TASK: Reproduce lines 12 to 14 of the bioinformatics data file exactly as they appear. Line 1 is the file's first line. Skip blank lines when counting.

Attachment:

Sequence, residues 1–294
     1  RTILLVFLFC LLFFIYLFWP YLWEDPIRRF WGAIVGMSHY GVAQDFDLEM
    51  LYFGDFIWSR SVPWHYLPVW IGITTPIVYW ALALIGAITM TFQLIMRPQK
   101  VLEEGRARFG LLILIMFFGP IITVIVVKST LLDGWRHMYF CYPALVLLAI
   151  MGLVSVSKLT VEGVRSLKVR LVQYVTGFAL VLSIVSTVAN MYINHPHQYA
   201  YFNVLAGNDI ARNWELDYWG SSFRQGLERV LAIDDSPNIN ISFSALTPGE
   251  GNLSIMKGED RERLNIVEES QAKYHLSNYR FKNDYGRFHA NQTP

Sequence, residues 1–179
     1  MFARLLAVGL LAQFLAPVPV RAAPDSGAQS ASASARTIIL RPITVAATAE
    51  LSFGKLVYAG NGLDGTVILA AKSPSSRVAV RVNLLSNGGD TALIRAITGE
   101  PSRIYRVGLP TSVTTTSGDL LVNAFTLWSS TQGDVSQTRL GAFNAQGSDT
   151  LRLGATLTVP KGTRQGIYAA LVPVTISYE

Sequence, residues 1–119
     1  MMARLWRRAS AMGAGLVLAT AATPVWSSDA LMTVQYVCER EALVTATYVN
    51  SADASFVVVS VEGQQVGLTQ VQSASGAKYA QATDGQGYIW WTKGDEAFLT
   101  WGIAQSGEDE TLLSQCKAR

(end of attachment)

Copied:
   151  LRLGATLTVP KGTRQGIYAA LVPVTISYE

Sequence, residues 1–119
     1  MMARLWRRAS AMGAGLVLAT AATPVWSSDA LMTVQYVCER EALVTATYVN